[88] “Entitlement?”–(Mark Eckel, guest blogger) Entitlement attitudes in education breed irresponsibility. 

[87] “Student as Vocation”–(Mark Eckel, guest blogger) Students’ time in college is one of critical vocation.

[86] “Authority?”–(Mark Eckel, guest blogger) Without God there are no rules.

[85] “The Question?”–(Mark Eckel, guest blogger) It’s what education can do for you, not what you can get out of it.

[84] “The Box?”–(Mark Eckel, guest blogger) There need be no (in or out of the) box for the Christian scholar.

[83] “What Is It?”–Nicholas Wolterstorff defines Christian scholarship.

[82] “It Isn’t III”–The “Pit Bull Approach” is not Christian scholarship.

[81] “It Isn’t II”–Christian scholarship is not exemplified by the “Bandwagon Approach.”.

[80] “It Isn’t I”–Christian scholarship is much more than “Baptized Paganism.”

[79] “Write Something”–Christian college faculty need to write even if they do not publish.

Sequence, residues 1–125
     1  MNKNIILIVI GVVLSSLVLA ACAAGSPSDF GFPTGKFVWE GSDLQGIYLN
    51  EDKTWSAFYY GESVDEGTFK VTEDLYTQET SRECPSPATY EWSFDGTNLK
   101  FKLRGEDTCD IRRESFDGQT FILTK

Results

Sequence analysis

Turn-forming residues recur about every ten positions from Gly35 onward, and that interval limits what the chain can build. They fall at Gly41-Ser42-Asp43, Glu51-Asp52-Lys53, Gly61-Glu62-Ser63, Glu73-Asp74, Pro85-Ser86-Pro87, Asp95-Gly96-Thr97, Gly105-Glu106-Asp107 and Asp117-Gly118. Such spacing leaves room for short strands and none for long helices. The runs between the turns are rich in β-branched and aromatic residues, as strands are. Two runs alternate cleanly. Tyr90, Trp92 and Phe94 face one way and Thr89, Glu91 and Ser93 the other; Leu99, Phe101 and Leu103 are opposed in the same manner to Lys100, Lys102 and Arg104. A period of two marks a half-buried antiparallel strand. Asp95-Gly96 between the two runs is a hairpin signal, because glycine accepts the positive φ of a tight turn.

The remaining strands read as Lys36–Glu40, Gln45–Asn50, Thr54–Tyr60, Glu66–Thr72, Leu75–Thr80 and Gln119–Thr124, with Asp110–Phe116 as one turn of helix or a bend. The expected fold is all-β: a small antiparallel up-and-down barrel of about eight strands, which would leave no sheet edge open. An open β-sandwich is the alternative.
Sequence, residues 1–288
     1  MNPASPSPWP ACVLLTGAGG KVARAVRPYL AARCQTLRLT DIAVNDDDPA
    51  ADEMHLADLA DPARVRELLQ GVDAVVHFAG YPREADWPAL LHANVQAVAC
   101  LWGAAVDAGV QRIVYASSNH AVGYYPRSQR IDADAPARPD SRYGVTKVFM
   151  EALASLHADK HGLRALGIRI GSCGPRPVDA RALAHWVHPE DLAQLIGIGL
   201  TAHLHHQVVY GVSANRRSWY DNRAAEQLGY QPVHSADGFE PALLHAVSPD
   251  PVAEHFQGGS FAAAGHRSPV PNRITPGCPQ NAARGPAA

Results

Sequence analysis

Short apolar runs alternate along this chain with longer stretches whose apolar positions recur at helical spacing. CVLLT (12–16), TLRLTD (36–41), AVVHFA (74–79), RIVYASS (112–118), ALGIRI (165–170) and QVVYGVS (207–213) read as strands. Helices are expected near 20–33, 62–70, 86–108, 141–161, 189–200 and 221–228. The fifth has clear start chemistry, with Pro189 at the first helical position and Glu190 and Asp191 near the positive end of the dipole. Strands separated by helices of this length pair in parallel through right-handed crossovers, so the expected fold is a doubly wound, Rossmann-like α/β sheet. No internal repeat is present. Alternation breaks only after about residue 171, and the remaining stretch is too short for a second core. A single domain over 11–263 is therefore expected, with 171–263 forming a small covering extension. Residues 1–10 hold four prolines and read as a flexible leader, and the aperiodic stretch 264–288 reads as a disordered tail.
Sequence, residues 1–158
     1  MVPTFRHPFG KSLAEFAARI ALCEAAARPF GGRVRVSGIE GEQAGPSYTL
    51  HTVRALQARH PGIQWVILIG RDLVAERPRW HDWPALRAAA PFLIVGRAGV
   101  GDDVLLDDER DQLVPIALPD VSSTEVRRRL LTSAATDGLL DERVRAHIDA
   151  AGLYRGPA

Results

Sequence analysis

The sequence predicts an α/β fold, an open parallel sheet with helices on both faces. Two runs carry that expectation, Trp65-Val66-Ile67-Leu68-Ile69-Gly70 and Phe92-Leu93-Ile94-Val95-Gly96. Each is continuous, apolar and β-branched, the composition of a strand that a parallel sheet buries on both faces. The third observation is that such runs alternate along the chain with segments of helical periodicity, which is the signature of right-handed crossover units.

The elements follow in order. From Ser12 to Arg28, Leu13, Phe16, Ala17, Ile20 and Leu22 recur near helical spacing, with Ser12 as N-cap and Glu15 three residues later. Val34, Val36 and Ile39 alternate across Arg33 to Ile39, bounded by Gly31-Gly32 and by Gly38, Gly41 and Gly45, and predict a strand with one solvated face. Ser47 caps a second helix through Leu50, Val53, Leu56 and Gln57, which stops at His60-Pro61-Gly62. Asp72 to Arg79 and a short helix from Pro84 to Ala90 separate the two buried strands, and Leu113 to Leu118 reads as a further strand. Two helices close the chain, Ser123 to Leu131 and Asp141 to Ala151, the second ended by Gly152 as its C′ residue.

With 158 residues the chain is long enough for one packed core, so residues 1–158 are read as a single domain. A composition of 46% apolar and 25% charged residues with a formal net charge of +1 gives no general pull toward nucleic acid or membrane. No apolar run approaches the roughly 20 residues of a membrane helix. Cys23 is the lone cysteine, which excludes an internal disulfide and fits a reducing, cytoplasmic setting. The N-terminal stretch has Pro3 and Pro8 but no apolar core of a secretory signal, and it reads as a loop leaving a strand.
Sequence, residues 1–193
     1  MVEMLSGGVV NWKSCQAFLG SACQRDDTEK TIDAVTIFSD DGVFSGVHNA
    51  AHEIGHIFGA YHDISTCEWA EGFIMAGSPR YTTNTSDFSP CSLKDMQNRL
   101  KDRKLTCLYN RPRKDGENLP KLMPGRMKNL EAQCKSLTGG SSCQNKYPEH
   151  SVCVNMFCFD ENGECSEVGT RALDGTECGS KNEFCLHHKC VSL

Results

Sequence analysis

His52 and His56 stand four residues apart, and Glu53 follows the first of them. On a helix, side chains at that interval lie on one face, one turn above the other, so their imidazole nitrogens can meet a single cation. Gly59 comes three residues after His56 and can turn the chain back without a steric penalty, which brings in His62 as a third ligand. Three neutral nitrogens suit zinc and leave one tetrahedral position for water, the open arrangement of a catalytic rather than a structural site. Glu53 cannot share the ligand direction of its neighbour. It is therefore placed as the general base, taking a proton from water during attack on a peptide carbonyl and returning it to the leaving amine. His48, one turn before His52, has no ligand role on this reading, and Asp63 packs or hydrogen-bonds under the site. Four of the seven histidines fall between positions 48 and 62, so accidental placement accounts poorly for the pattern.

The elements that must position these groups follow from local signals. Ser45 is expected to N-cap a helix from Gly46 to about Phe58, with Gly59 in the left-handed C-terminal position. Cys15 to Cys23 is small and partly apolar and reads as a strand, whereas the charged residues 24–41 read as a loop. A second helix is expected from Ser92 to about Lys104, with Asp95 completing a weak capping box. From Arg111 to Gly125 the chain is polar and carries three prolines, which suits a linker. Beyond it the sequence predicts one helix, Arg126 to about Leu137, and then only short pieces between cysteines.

[78] “Open II”–The argument that restrictive enrollment shelters Christian college students is hard to defend.

[77] “Open Enrollment”–Christian colleges should consider opening enrollment to people of all faith and non-faiths.

[76] “765 Christian Colleges–“Christian colleges are wise to reconsider football in light of the concussion crisis. 

[75] “The Top 5”–Martin Luther King, Jr. was one of the five most influential Americans in the second half of the 20th century.

[74] “Diversity”–Christian colleges need to ready students to live in a diverse and global culture.

[73] “In the Closet”–Academics in the secular university have some tough choices.

[72] “AA”–People in the academic community need to understand Affirmative Action more clearly.

[71] “Playing Defense”–Christians are better known for what they are against than what they are for.

[70] “Baylor 2012”–The forces of secularism crushed Baylor’s attempt at being the top Christian research U.

[69] “The Universe”–‘The Universe” as a synonym for God is pure postmodernism.  

[68] “Special Interests U.”–The secular university is anything but value-free with its special interests departments and courses.

[67] “Rating Christian Colleges”–We need a rating system that assesses a college’s level faith and learning efforts.

[66] “A New Course”–Christian colleges might want to study the history of the church’s response to or leadership of social change.